MIAMI — The Miami Heat took names and filed them away. Then, as if it were a Charles Bronson movie, they came back to deliver revenge.
Well, the Heat hit list is finally complete.
When the Heat beat Indiana 105-91 Sunday night at American Airlines Arena, it marked the first time in their 25-year history they’ve beaten every other NBA team in the regular season.
Sunday’s win in the last regular-season meeting between the teams was particularly satisfying. The Pacers smacked Miami around twice earlier this season, including defeating them 102-89 at home on Feb. 1.
Unless you have been on an extended trip to the Himalayas, you probably know that was the last time the Heat lost a game. Sunday’s win extended their team-record winning streak to 18 games.
“It’s good because it’s a challenge,” guard Dwyane Wade, a 10-year Miami veteran, said of now having beaten every team. “This team lives for challenges. So the challenge was, for us, every team that beat us was when we get an opportunity to get a win back.”
Over the past three weeks, the Heat have gotten some Bronson-like revenge. They’ve beaten Chicago, Memphis and New York, all teams they hadn’t defeated before.
Center Chris Bosh said dates against the Knicks and Pacers were “circled” on Miami’s calendar since those teams each had been 2-0 against the Heat. But one thinks the game against the Pacers was in bolder ink considering they had outmustled the Heat in previous games and also had an altercation-marred, tough playoff series with them last spring.
“We had it circled (because) we can’t wait to compete,” said Bosh, whose Heat also lost 87-77 Jan. 8 at Indiana. “But now that it’s over, it doesn’t make or break anything.”
The Heat (47-14) talked tough before the game against the Pacers (39-24), but not so much afterward. After all, there was no need to offer any possible bulletin-board material after Sunday’s surprisingly easy dissection.
Miami star LeBron James had a season-low 13 points, but the Heat still were in command the entire night thanks to 26 points from point guard Mario Chalmers, 24 from Bosh and 23 from Wade. Wade also had six steals and played tremendous defense on All-Star forward Paul George, who had just 10 points on 2-of-11 shooting.
“We came out kind of flat,” said George, who admitted that Wade guarding him instead of James “threw us off a bit.”
Overall, the Pacers didn’t know what hit them. They saw an entirely different Miami outfit than the one that showed up at Bankers Life Fieldhouse on Feb. 1 and bowed meekly.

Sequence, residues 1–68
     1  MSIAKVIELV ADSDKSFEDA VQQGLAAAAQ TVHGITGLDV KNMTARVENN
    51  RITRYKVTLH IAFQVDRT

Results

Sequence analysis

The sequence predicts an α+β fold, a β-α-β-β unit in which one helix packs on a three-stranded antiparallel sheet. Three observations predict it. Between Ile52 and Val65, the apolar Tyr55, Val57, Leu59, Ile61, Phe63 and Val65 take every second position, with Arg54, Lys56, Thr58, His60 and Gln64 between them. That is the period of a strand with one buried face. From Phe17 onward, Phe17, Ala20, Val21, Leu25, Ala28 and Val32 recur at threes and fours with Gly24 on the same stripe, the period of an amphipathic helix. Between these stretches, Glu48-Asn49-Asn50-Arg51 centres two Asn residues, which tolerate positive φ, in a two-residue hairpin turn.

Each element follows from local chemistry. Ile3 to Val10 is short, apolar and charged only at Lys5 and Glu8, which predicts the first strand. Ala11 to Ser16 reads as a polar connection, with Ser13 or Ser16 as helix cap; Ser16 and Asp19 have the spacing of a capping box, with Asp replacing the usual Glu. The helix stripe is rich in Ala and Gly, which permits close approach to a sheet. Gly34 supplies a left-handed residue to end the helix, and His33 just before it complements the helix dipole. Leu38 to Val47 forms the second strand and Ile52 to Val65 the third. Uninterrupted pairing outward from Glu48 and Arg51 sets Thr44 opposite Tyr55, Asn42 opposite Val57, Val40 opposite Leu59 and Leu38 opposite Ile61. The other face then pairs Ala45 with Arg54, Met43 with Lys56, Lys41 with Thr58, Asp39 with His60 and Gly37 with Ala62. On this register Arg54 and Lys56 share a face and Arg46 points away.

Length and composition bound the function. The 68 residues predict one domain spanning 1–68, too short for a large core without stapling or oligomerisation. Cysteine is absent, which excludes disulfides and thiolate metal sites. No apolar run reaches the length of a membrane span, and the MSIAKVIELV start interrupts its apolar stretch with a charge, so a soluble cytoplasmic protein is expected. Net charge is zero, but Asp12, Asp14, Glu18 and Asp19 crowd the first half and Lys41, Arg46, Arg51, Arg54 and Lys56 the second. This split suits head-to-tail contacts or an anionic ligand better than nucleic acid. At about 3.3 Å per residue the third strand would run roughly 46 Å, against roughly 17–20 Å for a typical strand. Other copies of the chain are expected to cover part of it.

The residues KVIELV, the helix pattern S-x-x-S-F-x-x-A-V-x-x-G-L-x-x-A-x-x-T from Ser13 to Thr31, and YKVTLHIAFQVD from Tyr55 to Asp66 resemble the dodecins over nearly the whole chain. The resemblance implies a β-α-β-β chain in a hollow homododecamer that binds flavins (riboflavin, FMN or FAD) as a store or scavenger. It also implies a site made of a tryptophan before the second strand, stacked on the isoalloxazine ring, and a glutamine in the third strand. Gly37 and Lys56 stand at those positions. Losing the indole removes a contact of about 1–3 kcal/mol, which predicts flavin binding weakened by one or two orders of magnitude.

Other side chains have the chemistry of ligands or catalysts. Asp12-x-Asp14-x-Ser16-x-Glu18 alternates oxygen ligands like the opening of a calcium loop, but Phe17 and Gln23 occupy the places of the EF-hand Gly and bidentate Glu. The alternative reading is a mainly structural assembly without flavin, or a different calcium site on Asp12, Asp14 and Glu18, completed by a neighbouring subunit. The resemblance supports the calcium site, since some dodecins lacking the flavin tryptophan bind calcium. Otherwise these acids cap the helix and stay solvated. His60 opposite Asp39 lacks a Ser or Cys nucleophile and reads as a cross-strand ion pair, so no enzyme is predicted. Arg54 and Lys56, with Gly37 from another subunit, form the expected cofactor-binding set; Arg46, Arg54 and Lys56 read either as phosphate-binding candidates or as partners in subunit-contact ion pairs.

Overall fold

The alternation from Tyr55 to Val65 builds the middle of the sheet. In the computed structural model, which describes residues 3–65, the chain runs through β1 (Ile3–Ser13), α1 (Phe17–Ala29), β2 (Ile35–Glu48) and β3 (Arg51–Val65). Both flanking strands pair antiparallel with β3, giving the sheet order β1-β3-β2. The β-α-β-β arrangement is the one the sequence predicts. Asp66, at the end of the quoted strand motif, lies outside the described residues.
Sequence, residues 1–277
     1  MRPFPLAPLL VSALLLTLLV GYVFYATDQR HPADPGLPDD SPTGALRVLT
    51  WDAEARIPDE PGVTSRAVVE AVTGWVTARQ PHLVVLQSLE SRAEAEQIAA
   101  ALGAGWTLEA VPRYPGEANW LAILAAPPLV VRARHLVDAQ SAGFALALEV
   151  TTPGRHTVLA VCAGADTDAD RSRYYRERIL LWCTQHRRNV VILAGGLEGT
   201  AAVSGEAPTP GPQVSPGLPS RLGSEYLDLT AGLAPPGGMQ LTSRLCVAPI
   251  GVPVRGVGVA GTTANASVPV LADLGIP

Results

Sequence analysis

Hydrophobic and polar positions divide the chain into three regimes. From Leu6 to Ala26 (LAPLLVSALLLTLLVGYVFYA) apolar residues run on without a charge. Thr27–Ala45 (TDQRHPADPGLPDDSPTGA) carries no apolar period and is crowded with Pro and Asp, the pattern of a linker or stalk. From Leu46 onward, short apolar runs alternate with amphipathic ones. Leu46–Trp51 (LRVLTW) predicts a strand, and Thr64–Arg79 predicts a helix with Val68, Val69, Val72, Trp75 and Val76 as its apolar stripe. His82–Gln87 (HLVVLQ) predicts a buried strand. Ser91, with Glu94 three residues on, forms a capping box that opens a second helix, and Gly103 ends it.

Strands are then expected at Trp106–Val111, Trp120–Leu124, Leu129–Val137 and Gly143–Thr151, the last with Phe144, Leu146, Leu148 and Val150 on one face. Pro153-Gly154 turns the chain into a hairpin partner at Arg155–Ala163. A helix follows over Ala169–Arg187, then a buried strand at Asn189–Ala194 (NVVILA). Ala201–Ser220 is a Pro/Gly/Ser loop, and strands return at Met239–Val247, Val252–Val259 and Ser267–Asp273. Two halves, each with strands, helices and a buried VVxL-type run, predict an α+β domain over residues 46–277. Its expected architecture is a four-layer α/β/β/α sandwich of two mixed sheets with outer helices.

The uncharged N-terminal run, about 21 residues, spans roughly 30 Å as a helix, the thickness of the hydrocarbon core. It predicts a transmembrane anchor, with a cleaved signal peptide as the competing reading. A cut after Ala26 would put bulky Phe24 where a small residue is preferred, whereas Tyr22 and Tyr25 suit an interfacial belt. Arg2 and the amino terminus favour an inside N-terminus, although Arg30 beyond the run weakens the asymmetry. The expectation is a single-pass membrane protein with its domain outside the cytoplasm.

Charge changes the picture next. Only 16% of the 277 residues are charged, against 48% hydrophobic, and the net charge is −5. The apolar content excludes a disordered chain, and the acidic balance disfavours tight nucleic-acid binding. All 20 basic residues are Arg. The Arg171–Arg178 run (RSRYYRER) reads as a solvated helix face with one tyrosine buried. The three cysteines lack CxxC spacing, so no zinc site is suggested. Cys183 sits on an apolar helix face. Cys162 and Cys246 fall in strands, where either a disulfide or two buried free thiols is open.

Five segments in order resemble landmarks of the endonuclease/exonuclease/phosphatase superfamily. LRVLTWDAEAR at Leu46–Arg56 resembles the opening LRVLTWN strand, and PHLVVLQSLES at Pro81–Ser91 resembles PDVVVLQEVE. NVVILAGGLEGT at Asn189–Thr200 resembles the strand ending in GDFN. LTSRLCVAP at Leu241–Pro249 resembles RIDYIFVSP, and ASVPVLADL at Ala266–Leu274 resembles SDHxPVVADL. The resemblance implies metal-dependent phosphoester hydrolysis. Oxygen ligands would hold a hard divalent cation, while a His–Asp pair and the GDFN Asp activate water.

“It’s a lot better,” Wade said of how his team is playing since that loss. “We wanted to go into Indiana and get that win and after (the loss), we refocused on what we needed to do … It was kind of a wake-open moment for us.”
OK, so the Heat still do fall asleep at times, having barely beaten weaklings Cleveland, Sacramento and Orlando during their streak. But when it comes to facing top teams, they’ve had impressive wins during the stretch over the likes of Oklahoma City, the Los Angeles Clippers and Lakers (hey, the Lakers have been playing well lately), New York, Memphis, Chicago, Atlanta, Houston and now Indiana.
The Heat on Sunday passed the Los Angeles Clippers for the longest winning streak in the NBA this season and now are tied for the seventh-longest one in NBA history. They’re two wins away from being just the fifth team in league history to win 20 or more in a row.
James, who is a student of basketball history, looks at the streak in two ways. He doesn’t deny the Heat “should be happy and excited” about what they’ve been able to accomplish. But that doesn’t mean they’re spending a lot of time talking in the locker room about the streak.
“Because it’s not our goal,” James said of why that is. “Our goal isn’t to win games consecutively. Our goal is to win championships. But we understand our goal is to get better each and every game and to continue to improve.”
James wasn’t happy with what happened the last time the Heat faced the Pacers. So count him as being excited at how much his team has improved since then.
“That’s what we we wanted to do,” said James. “We wanted to improve on that Feb. 1 game where we didn’t play well. So that’s our goal each and every game, no matter who the opponent is, to try to continue to get better.”
After the previous loss to the Pacers, James began to take matters more into his own hands. He reeled off an NBA record of six straight games scoring 30 or more points while shooting 60 percent or better.
James has slightly returned to earth since then, but the Heat are still winning. One reason is because the play of his supporting cast really has stepped up.
On Sunday, Chalmers shot 7 of 9, including 5 of 6 from 3-point range. Bosh also blocked three shots. And Wade, saying James thought he would be “engaged early” by guarding George, had an impressive all-around game.
“We didn’t compete from the opening tip,” said forward David West, who scored a team-high 24 points and was one of the few Pacers to not have a sub-par night. “I just don’t think we brought enough competitive fire … I just thought we didn’t respond to the challenge.”
But West and his teammates ran into a different Miami team than what they saw earlier this season. Just ask guys on any of the other teams that have been on the Heat hit list.